Wine Bottle Packaging 101
Usually, we focus on what’s in the bottle, but in this article, we explore the bottle itself. Let’s talk about packaging! Glass packaging has had a radical shift in the last few years with the boom of canned wine. In addition to cans, wine can be found in tetra packs and boxes, but here at WineShop, we use the traditional packaging method―glass bottles.
Glass bottles vary in height, color, size and finish. Typically, wines are bottled in 750ml bottles. Shapes can vary, often depending on the type of wine in the bottle. Our Halcyon Chardonnay is shown here in a burgundy bottle because the varietals Chardonnay and Pinot Noir are typically grown in the Burgundy region. The Milano Cellars Merlot is displayed in a Claret bottle, which is typically reserved for Bordeaux varietals like Cabernet Sauvignon, Sauvignon Blanc, Malbec and Cabernet Franc to name a few. The Terroir Cellars Grenache is pictured here in what is called a Hock bottle, usually reserved for Alsatian varietals such as Riesling and Gewürztraminer. Finally, we have the Champagne bottle which is a heavier glass meant to withstand the pressure of sparkling wines like our Suave Pop.
You will also notice different colors of glass. The first three wines above are in colored glass and the last two are in clear glass. Many wines are bottled in an amber glass called Antique Green as it helps protect the wine from too much light during aging, while others are bottled in clear glass which we call Flint to display the wine’s light or dark color.
In terms of finishes, we bottle our wines with three different types of finishes―screw cap (Suburban Fracas Skirmish―no wine opener required!), cork (Halcyon Chardonnay, Milano Cellars Merlot and Terroir Cellars Grenache) and crown finish (Sauve Pop).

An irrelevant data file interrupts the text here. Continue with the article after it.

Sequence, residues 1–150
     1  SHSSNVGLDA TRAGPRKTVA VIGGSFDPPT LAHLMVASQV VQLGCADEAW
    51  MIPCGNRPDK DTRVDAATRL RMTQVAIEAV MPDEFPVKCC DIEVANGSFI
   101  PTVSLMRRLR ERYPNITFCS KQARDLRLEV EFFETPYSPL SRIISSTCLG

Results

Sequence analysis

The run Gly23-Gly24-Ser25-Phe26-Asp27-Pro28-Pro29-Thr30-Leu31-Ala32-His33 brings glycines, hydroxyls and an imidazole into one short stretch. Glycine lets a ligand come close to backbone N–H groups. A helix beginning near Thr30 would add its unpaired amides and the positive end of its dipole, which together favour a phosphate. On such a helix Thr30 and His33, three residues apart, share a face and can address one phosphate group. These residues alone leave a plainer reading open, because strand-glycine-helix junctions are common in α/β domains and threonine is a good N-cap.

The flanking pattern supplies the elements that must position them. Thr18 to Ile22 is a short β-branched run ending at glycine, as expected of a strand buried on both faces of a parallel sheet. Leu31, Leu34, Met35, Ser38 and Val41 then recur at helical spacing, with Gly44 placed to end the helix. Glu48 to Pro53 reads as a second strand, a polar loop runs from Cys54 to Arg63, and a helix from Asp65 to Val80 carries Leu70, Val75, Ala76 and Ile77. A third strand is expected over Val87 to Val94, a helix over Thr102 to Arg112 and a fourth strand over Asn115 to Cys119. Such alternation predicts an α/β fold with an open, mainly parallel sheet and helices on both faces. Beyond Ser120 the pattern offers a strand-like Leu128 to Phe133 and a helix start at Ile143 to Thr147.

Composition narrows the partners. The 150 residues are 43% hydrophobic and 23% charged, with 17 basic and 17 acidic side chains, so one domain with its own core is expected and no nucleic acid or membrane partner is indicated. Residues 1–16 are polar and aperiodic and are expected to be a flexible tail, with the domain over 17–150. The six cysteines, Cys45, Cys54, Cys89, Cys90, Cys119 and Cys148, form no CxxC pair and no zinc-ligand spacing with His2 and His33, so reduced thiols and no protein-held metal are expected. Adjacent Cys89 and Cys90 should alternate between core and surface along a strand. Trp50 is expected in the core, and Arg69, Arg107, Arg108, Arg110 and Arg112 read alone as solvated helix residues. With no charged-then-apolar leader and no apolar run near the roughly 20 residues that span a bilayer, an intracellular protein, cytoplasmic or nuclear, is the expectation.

The bottom of the wine bottle, known as the punt or heel was originally designed for stability to avoid sliding. To my knowledge, every manufacturer has its own design, and I am not aware that there is a particular significance between all of them. However, the markings around and underneath the bottle are very useful. They indicate the volume, the manufacturer, the date of conception and the oven cavity number the bottle was baked into. This last part is very useful for quality control issues with a truckload of cases.
We use approximately 15 to 20 different types of bottles per year. Packaging cost, marketing and overall final look are the main reasons we pick specific bottles.
For this segment about labels, I could bore you with the type of paper used, their thickness and the color code used for our Joy label. Instead, I would like to focus on a different aspect of what WineShop At Home can offer. All success stories have dedicated people behind them.
Sam, Lauren, Jane, our graphic designer Wendy and I meet regularly to brainstorm new ideas, directions and thoughts that emerge into brands, well, at least some of them do. We evaluate our portfolio looking for opportunities, new colors or styles that we haven’t yet represented. Once we hone in on an idea, Wendy gets to work on options―lots of options―for us. We iterate, tweak, review and revise until we are satisfied and then we select the right bottles and closures to match.
“One of my favorite stories is when we were working on the Family Ranch label, but we kept it a secret from Stan until we were ready for the grand reveal. Luckily, I had a guy on the inside to take photos of the picturesque front porch and rocker for the label. When we finally revealed the brand to Stan, he was overjoyed.” – Wendy White, Trybe Creative.
“My favorite label so far has to be Suburban Fracas. When we reviewed our brands, I thought that we were missing something edgy, so we came up with the idea of hiring a tattoo artist to design a custom piece just for us. It was a true collaboration and I’m so happy with the bright and colorful results.” – Sam Lloyd.
But the ultimate reward is a comment at Convention or on Facebook saying, “Isn’t this label GORGEOUS?!”. That’s what it’s all about!